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Re: LEARNING BLUES LEAD

11/2/2005 7:04 PM

Joshua Stickel (74) wrote:

well j.r. i have a slightly less technical approach to blues soloing i've been playing for about a decade now and i still can't read sheet music and have the hardest times with tabs so heres my take on it, you have to feel it, just let it floww it's good to learn the technicals but you have to realize that blues is a state of emotion not just what you play, so my advice as far as soloing just let your soul shine in the strings, does'nt have to be fast or intricate it just has to be pure, ya know take how you feel and let your guitar be the conduit of your heart.
i know it may sound corny but hey it's been my philosophy the whole time i've been playin and i trust my gut about playin more than a book, but either medium is good. sorry if i have'nt helped and if my more spiritual way has helped, glad i could be of some assistance to you.



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Re: LEARNING BLUES LEAD

11/5/2005 5:21 AM

J.R. Libby (219) wrote:

Thanks for all the advice...let me tell you what I know, over the past year I've learned power chords, hammeron's, pulloffs, vibratos, slides and slurs, and I know three songs, Mary had a Little Lamb, kids version, house of the rising sun, single notes version, and the rhythm of Look at Little Sister by SRV. I also just picked up his 2 DVD set and love it. I have avoided chords and barre chords. I'm working right now with the book/cd set by Hal Leonard called Blues Guitar, and I have a 2 DVD set coming along with the book to go along with them that covers Blues for the very beginner, with several slow paced blues songs. So I will learn how to do this, it will just take some time. SRV and BB King are great, and I love their styles, but I also know there are others out there with a slower style that could really help me right now. So is there a few slow paced blues players you could recoment that I listen to who use an electric guitar. (not that it matters, but I play a Peavey tele style guitar). And thanks for all your help, you've all been great.

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Re: LEARNING BLUES LEAD

11/2/2005 11:27 PM

Ken Richardson (9051) wrote:

Years ago I had a blues backing track that came with a book......... learned a lot of how to improvise in the blues by playing over the progression, plus it had drums on it to keep the time......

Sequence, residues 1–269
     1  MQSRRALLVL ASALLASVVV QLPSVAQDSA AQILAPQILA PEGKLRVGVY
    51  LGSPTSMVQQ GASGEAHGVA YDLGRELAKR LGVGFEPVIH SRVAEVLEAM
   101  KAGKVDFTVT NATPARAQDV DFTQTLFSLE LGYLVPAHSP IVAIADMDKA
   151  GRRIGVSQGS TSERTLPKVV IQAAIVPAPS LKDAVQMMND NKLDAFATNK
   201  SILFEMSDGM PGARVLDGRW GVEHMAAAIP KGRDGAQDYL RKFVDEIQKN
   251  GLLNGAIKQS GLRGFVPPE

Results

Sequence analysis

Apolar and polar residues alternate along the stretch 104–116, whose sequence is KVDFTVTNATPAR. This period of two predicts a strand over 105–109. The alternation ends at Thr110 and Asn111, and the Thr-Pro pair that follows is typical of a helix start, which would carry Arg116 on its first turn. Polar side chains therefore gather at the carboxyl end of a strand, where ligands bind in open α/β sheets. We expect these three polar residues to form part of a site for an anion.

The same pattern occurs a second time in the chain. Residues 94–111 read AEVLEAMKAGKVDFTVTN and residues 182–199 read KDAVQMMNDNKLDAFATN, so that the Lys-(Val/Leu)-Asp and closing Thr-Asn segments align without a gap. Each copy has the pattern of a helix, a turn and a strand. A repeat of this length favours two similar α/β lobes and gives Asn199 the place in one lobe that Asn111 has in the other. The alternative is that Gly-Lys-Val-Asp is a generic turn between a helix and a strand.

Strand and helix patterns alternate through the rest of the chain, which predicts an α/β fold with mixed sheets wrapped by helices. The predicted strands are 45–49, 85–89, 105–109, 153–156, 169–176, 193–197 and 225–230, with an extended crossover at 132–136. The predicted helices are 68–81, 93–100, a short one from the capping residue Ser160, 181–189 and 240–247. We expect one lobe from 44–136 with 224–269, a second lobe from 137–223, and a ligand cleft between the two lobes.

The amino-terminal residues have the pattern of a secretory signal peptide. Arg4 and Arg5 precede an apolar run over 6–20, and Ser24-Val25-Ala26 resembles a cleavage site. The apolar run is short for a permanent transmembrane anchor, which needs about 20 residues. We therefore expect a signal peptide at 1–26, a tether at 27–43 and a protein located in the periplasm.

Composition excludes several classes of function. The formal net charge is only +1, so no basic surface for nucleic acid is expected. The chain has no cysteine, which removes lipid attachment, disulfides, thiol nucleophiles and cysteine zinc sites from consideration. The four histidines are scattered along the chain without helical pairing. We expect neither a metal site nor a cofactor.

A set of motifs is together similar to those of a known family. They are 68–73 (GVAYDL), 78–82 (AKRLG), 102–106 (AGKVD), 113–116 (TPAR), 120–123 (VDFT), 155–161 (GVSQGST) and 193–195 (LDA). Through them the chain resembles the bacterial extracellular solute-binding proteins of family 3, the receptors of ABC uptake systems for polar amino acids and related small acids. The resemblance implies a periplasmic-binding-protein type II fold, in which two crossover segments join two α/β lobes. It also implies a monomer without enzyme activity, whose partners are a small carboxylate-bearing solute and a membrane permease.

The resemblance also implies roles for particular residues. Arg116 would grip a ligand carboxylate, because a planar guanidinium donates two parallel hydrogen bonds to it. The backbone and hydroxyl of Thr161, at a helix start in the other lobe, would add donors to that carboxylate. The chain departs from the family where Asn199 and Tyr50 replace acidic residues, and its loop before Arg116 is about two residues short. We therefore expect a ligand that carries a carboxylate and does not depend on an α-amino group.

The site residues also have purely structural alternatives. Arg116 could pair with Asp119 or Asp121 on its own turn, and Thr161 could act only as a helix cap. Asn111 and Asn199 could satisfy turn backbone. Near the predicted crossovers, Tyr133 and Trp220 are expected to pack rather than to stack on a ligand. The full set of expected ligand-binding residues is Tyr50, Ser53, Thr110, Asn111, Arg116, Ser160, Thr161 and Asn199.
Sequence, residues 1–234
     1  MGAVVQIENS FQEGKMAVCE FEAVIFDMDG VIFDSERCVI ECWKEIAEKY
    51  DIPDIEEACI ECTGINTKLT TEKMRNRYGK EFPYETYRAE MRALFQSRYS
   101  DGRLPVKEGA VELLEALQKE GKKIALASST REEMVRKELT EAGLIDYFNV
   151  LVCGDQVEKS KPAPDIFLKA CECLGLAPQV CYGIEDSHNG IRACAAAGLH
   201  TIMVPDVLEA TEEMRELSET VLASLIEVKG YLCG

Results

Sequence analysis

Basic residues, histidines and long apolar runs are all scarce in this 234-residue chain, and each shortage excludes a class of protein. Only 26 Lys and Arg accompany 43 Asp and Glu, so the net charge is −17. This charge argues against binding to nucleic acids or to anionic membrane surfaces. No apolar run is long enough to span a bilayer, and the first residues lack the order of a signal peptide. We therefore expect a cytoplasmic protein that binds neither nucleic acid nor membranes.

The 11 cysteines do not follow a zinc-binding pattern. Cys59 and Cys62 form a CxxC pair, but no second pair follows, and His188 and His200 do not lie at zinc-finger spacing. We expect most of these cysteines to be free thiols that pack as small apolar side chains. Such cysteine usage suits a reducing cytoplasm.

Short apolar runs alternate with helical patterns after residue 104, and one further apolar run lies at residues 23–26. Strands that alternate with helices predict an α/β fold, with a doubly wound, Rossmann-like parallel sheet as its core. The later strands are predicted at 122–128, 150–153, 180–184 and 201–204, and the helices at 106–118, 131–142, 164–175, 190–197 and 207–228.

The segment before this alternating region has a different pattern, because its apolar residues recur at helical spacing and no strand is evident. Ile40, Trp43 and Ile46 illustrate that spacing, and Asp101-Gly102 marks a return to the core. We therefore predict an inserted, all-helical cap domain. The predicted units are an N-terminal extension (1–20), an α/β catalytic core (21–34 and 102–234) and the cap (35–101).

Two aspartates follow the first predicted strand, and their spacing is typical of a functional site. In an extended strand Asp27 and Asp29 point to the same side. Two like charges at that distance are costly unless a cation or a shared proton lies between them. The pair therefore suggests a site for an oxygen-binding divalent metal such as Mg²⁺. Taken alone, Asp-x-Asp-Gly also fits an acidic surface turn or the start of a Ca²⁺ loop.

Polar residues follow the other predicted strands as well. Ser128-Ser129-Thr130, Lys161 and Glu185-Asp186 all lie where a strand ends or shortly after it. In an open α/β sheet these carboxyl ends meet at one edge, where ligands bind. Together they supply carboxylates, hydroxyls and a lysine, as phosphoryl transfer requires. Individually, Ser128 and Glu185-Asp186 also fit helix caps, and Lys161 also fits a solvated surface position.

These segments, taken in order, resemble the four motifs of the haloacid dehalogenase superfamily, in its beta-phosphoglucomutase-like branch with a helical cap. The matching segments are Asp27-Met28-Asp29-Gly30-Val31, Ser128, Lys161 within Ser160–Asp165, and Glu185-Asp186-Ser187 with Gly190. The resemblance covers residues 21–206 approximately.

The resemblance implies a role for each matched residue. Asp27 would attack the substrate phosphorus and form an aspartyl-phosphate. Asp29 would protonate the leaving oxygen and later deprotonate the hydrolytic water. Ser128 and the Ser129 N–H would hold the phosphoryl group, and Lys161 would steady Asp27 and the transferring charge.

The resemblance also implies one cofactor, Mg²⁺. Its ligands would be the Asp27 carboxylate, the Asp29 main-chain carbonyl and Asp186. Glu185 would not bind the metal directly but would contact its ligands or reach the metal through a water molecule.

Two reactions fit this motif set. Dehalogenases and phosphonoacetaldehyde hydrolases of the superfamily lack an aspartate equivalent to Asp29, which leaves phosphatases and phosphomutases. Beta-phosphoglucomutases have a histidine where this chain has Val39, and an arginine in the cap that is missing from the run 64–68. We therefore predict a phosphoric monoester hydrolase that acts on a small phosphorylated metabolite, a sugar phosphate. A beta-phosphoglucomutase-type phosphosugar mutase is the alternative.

Once you learn a bit about vibrato (B.B. King style) and string bending, as well as some basic licks/scales its a lot of fun and educational to jam with CD's or some kind of instrumental track

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Re: LEARNING BLUES LEAD

11/5/2005 6:22 PM

J.R. Libby (219) wrote:

Wow, I like put up a couple responces the other day, I have no idea where theyy went...but I'll tryy again..I have been learning with a Hal Leonard BLUES GUITAR book and cd, and I just bought what I think will end up being a veryy good learning tool for me, the ultimate beginners series BLUE GUITAR BASIC's byy Keith Wyatt...it came with both DVD's and cd along with book, and some of the reviews had said there is enough stuff in here to keep you busy for a few years, and I do believe they might be right. But he brings you along piece by piece, from the very easy stuff on up to advance, so I think this is exactly what I've been needing to learn blues. And I plan on working on them scales every day...

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Re: LEARNING BLUES LEAD

11/8/2005 4:33 PM

Paul Bowes (154) wrote:

Try playing the following sequence. It can start at any fret (shown here starting on fret five), and the first note is taken with the fourth finger of the fretting hand. There is a slide on the fourth string that you can make either with the first finger or with fourth finger (or you can make it as a silent position change). The whole thing is a two octave blues scale. I usually play it with hammer-ons from the minor to the major third and from the sixth to the flat seven. Once you have it fixed in your head you can play fragments or sections of it, up or down.